Weeding out marijuana: Researchers close in on engineering recognizable, drug-free Cannabis plant

In a first step toward engineering a drug-free Cannabis plant for hemp fiber and oil, University of Minnesota researchers have identified genes producing tetrahydrocannabinol (THC), the psychoactive substance in marijuana. Studying the genes could also lead to new and better drugs for pain, nausea and other conditions.

The finding is published in the September issue of the Journal of Experimental Botany. Lead author is David Marks, a professor of plant biology in the College of Biological Sciences.

The study revealed that the are active in tiny hairs covering the flowers of Cannabis plants. In marijuana, the hairs accumulate high amounts of THC, whereas in hemp the hairs have little. Hemp and marijuana are difficult to distinguish apart from differences in THC.

With the genes identified, finding a way to silence them—and thus produce a drug-free plant — comes a step closer to reality. Another desirable step is to make drug-free plants visually recognizable. Since the hairs can be seen with a magnifying glass, this could be accomplished by engineering a hairless Cannabis plant.

The researchers are currently using the methods of the latest study to identify genes that lead to hair growth in hopes of silencing them.

"We are beginning to understand which genes control hair growth in other plants, and the resources created in our study will allow us to look for similar genes in Cannabis ," said Marks.

"Cannabis genetics can contribute to better agriculture, medicine, and drug enforcement," said George Weiblen, an associate professor of plant biology and a co-author of the study.

As with Dobermans and Dachshunds, marijuana and hemp are different breeds of the same species (Cannabis sativa), but marijuana contains much more THC than hemp, which is a source of industrial fiber and nutritious oil.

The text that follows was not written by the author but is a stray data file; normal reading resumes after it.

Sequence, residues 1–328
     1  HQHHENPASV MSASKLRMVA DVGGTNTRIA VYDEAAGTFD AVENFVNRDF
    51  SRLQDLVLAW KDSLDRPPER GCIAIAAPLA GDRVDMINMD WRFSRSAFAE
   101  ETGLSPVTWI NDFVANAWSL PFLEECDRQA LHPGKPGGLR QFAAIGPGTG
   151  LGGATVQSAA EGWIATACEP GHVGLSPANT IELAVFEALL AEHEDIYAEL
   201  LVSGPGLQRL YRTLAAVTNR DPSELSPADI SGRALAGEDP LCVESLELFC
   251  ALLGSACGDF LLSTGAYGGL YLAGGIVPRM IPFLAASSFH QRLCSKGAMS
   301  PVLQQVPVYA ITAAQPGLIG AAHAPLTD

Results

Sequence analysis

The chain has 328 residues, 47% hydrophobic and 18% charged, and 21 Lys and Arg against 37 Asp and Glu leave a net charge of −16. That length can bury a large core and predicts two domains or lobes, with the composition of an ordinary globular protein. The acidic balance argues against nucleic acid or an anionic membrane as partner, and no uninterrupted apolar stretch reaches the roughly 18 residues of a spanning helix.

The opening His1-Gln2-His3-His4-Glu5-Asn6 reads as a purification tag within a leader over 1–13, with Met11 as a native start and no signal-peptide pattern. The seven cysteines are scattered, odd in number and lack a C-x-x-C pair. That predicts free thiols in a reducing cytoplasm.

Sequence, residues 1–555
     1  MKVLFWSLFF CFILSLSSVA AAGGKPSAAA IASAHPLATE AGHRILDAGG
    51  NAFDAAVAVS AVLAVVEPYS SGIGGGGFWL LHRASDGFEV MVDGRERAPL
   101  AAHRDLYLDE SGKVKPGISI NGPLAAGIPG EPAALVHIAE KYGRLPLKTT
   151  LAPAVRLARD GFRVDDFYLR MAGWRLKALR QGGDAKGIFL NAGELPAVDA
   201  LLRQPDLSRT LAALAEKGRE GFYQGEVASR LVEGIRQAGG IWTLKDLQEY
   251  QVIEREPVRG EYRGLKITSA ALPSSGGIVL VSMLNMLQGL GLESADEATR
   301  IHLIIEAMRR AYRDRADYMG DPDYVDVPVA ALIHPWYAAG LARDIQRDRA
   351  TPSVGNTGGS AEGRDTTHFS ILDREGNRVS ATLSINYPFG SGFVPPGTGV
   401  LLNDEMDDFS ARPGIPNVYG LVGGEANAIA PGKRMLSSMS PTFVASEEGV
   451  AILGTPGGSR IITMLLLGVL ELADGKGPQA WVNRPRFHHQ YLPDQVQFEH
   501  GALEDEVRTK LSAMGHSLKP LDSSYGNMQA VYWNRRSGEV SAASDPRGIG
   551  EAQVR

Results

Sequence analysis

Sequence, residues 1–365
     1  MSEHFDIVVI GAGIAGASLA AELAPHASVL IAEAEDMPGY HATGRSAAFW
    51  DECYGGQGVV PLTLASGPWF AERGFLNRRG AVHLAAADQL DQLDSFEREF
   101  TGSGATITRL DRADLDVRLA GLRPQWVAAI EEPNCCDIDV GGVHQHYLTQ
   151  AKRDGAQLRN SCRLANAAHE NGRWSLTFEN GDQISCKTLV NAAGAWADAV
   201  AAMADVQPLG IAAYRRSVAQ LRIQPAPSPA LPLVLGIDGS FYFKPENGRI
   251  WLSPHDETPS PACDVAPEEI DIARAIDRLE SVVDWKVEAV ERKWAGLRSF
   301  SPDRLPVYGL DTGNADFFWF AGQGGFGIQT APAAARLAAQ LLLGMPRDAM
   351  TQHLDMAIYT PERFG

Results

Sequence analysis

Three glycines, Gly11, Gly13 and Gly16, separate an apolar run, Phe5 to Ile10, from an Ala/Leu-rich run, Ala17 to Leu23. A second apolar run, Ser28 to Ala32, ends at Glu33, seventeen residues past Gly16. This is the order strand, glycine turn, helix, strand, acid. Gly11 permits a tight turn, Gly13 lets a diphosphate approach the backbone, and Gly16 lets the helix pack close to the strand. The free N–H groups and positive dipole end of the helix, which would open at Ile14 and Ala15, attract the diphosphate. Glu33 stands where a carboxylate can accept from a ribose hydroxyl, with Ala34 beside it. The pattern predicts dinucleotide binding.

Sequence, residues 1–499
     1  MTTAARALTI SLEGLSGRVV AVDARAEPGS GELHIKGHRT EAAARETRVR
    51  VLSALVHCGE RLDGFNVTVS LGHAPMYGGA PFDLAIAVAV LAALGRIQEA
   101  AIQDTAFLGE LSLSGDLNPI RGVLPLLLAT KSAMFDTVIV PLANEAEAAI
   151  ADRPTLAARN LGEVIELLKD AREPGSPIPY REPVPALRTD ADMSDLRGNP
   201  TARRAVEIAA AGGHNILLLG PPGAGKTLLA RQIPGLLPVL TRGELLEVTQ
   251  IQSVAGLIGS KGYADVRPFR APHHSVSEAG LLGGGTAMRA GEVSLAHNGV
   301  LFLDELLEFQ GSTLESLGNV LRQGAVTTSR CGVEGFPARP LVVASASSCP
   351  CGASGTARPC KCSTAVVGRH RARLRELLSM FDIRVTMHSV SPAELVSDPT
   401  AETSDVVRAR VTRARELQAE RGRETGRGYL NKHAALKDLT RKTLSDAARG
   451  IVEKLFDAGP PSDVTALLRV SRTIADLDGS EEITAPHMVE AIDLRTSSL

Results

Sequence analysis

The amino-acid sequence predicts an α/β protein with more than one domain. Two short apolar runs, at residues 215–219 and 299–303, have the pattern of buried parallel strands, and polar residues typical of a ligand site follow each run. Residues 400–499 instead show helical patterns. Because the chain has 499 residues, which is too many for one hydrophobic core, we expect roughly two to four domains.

Hemp was raised for its fiber — which is similar to cotton but more durable — in the United States until legislation outlawed all Cannabis plants because they contain THC. Today, marijuana contains as much as 25 percent THC, whereas hemp plants contain less than 0.3 percent.

Hemp was once a popular crop in the upper Midwest because it tolerates a cool climate and marginal soils that won't support other crops but, after drug legislation, hemp fiber was replaced by plastic and other alternatives. Recent popular demand for hemp products has led some states to consider the economic and environmental benefits of hemp. North Dakota legislation aims to reintroduce it as a crop, and Minnesota is considering similar legislation. At the same time, California and other states permit the medicinal use of .

"I can't think of a plant so regarded as a menace by some and a miracle by others," says Weiblen, who is one of the few researchers in the United States permitted to study Cannabis genetics. In 2006, Weiblen and colleagues developed a DNA "fingerprinting" technique capable of distinguishing among Cannabis plants in criminal investigations.

Source: University of Minnesota (news : web)


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Sep 15, 2009